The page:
This was published on The Unknown Pen last month. Thought I should republish it here. (Here’s the link)
A spider spins a web – both to capture its prey and also to build a home for itself. Depending on your perspective, the web could thus signify a comfortable home – a den where you’re in your elements, or it could be a prison from which only death can help you escape.
Just like your mind.
We all have demons in our minds. There are dark crevices in the limitless space called ‘mind’. Those crevices are either never-ending, bottomless Tartarus-like pits, or are deep trenches with monsters hidden in the shadows.
Depending on your birth place in the landscape of your mind – either the green pastures of fertile, productive thoughts; the vibrant and colourful Aurora Borealis-like areas, or these dark crevices, your mind would either be your home or your prison.
In the latter case, how much ever a person may thrash around, lash at the webs holding him, all efforts will be futile. It would be like you are suddenly stuck in a bunch of wild weeds under-water. The more you struggle, the more energy you lose. And all this while, you are slowly suffocating.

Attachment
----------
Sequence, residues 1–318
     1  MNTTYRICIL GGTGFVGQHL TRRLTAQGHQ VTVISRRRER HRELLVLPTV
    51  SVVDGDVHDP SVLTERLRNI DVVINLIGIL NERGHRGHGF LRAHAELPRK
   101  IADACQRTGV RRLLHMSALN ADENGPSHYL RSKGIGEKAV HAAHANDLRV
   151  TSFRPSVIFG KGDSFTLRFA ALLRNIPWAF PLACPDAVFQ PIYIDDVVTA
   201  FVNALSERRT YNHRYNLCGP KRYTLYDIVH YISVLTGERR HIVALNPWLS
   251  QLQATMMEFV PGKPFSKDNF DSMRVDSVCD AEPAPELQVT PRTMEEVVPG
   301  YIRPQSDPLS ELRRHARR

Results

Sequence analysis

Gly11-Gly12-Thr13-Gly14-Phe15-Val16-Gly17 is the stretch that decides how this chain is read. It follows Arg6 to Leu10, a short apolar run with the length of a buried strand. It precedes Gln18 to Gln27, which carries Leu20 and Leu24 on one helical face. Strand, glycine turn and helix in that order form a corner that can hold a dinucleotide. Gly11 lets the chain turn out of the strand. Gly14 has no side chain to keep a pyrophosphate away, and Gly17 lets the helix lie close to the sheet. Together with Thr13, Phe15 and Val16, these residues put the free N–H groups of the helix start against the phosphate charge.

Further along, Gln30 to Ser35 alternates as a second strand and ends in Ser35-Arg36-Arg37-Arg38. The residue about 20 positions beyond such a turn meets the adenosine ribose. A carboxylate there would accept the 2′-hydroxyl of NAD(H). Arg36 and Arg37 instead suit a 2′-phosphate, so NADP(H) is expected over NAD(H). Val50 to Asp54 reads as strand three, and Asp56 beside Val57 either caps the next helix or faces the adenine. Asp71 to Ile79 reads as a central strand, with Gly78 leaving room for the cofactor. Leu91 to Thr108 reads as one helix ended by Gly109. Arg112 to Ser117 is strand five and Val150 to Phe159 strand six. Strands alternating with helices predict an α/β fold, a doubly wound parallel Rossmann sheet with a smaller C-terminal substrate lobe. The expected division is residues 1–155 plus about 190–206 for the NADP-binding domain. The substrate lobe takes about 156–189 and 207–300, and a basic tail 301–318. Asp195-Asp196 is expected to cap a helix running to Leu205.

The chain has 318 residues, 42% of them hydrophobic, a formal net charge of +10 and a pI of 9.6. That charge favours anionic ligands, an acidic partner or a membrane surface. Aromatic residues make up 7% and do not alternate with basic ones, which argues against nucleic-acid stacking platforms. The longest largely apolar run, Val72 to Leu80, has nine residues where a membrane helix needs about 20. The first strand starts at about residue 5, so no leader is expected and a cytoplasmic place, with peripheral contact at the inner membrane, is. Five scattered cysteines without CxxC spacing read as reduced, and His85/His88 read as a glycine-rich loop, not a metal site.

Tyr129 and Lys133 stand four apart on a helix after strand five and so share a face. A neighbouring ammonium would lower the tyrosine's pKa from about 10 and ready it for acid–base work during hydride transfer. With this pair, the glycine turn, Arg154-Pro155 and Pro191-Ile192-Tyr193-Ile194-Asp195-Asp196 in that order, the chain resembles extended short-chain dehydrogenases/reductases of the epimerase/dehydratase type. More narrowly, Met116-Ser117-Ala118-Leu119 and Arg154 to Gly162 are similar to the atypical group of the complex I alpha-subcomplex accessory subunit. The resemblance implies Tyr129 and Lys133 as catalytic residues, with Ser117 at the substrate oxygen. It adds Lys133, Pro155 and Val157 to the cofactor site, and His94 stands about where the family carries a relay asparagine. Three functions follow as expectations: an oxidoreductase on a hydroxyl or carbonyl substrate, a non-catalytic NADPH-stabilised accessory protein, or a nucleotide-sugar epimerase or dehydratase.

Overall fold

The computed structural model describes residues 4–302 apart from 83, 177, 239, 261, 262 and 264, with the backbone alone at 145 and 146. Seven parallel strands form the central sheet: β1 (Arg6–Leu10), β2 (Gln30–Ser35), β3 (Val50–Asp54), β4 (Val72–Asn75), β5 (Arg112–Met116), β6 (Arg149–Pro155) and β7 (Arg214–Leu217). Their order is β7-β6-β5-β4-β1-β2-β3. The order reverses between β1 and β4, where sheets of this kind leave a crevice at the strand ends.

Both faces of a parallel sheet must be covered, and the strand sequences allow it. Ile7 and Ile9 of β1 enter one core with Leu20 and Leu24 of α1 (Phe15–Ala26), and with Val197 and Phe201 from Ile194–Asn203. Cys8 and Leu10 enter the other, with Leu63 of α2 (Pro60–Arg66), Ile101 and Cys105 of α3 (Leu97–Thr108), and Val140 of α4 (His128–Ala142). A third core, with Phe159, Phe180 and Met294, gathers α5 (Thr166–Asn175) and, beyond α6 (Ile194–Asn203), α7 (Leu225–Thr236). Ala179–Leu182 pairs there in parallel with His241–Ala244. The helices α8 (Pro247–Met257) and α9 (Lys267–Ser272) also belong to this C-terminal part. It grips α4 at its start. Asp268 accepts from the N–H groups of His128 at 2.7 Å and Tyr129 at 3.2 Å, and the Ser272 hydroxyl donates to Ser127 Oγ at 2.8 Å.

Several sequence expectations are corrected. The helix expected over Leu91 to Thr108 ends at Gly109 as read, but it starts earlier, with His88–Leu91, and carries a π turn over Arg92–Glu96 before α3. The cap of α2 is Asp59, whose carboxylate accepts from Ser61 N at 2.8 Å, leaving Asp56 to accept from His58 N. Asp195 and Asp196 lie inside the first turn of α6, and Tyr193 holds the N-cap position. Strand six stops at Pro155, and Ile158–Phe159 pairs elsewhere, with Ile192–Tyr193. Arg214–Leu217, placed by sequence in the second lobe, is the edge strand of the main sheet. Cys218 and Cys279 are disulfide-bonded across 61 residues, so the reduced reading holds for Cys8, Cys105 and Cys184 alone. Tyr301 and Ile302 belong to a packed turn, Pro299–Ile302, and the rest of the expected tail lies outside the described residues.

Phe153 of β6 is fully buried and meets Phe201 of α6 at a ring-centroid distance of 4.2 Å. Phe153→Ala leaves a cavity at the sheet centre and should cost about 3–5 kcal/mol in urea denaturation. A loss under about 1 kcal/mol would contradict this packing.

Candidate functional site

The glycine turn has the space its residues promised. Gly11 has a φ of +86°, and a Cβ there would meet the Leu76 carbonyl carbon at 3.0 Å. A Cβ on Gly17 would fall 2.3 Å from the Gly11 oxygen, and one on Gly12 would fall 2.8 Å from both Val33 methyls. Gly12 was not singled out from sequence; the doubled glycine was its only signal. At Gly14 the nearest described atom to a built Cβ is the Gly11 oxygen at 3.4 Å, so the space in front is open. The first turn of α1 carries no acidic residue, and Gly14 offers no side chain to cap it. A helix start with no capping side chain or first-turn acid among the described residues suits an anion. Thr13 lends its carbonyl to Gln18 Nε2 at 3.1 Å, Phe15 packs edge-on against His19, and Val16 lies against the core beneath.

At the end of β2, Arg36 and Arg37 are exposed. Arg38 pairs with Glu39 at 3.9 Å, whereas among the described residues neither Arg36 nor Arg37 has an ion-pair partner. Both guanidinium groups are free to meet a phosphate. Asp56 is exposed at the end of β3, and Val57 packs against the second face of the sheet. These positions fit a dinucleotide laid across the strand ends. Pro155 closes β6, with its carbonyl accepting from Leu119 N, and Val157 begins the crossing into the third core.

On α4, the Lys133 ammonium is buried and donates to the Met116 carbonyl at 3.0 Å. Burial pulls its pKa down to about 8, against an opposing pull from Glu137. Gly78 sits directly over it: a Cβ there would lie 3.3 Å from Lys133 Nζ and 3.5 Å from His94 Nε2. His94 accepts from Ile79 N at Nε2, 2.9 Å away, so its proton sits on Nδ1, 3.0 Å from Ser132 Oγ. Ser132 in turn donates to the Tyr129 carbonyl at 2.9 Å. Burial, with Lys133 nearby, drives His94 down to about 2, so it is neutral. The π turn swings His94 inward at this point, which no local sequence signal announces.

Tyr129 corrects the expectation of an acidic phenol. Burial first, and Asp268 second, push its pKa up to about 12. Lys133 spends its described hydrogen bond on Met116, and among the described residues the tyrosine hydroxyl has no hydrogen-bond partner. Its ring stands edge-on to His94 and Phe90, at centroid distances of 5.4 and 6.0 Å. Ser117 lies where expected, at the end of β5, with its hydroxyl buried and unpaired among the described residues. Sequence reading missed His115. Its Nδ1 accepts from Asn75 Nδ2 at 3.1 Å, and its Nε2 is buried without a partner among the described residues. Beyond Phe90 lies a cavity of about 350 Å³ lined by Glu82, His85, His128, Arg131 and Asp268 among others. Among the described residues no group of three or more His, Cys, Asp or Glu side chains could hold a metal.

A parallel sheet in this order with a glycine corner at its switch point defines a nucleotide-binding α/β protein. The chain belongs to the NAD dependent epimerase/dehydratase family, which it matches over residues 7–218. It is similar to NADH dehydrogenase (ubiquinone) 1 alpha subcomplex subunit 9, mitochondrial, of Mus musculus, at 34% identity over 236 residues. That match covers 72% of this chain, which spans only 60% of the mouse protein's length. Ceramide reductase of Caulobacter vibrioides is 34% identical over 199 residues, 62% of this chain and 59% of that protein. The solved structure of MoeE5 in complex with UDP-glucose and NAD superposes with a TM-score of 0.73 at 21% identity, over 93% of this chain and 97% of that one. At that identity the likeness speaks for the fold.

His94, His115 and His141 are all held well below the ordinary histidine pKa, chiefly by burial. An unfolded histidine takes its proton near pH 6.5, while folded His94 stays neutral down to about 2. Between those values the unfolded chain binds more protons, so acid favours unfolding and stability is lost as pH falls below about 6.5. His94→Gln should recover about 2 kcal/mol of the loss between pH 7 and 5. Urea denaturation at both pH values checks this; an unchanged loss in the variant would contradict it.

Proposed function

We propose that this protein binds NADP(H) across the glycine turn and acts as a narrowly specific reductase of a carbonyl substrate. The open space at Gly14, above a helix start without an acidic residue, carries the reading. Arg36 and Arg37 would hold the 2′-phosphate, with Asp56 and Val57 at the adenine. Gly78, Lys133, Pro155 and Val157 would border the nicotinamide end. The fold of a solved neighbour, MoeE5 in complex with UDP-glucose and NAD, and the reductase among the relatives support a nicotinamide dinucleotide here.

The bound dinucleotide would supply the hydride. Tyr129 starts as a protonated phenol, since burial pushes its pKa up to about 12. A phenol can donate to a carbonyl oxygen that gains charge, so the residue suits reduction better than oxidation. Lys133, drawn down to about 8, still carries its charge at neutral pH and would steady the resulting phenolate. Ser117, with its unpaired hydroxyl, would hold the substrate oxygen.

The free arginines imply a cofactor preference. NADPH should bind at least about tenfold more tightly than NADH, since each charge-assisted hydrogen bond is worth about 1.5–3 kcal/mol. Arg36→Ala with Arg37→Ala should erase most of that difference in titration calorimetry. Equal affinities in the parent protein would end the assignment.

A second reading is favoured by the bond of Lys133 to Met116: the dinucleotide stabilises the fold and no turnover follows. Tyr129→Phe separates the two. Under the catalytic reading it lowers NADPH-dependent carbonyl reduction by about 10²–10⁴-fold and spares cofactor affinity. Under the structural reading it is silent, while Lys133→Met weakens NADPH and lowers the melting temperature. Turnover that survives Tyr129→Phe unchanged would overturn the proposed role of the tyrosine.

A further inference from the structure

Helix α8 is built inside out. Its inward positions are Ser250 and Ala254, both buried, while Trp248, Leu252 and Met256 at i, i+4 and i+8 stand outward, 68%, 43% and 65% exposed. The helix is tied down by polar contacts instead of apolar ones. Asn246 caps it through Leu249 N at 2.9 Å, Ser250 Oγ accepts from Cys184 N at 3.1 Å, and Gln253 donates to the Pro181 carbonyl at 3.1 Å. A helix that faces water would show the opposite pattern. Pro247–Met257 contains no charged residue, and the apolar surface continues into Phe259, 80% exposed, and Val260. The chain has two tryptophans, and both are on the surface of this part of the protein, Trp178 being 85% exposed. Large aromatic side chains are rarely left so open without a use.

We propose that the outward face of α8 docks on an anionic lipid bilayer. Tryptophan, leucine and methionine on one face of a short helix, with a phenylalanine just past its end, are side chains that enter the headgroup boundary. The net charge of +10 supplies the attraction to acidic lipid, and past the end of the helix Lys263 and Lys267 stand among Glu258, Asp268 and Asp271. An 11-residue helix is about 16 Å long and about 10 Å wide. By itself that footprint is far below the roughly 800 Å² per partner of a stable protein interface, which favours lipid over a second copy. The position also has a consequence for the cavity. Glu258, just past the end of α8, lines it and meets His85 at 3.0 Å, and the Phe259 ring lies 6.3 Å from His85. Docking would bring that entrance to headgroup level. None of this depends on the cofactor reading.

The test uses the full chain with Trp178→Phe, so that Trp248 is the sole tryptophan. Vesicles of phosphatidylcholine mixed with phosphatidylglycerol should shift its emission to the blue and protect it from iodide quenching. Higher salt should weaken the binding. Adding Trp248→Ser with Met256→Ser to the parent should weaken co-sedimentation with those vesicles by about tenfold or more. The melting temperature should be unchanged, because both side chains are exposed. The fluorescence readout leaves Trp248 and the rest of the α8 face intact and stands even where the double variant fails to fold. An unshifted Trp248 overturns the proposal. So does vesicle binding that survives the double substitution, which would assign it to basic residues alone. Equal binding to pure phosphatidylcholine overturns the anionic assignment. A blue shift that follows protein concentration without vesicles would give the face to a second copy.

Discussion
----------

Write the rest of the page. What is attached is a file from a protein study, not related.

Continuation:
It hardly needs to be stated what it would be like if your mind is your peaceful den. Some call it the state ‘zen’; some call it peace; some others, happiness.
For many, however, it is not to be. They languish with a decayed mind, often their whole life.
“God helps those who help themselves,” or so goes the old adage. But what of those who know not how to help themselves? These are often people who cannot accept or react positively to any ‘external’ help offered too.
Their basic response is also to suffocate their saviour. Case in point – the drowning man who chokes his helper through his panic.
So what of those then? Do they ever feel the beautiful warmth of sunshine on their skin? Do they ever live to witness the shooting star? Is there ever an end to this punishment?
Perhaps, yes. But more often than not, no.
After a while, these ‘prisoners’ savour the darkness, the pain, the utter hopelessness of unending misery. Not just savour, they bask in it.
For them, even a tiny pin-prick of light becomes blinding, for those eyes have been unused to light for eons.
For them, a break in the continuous ache, isolation, melancholy and wretchedness, is a pregnant pause that gives birth to hope; not just hope, but also all the buried needs of peace and happiness. It is a glimpse of memory to those who have forgotten – tantalising, and also frustrating.
For them, hope is dangerous, as it may force them to try to help themselves out – again. And that means getting further entangled in the spider’s web.
Some – the lucky ones – manage to escape.
Escape either to life or to death.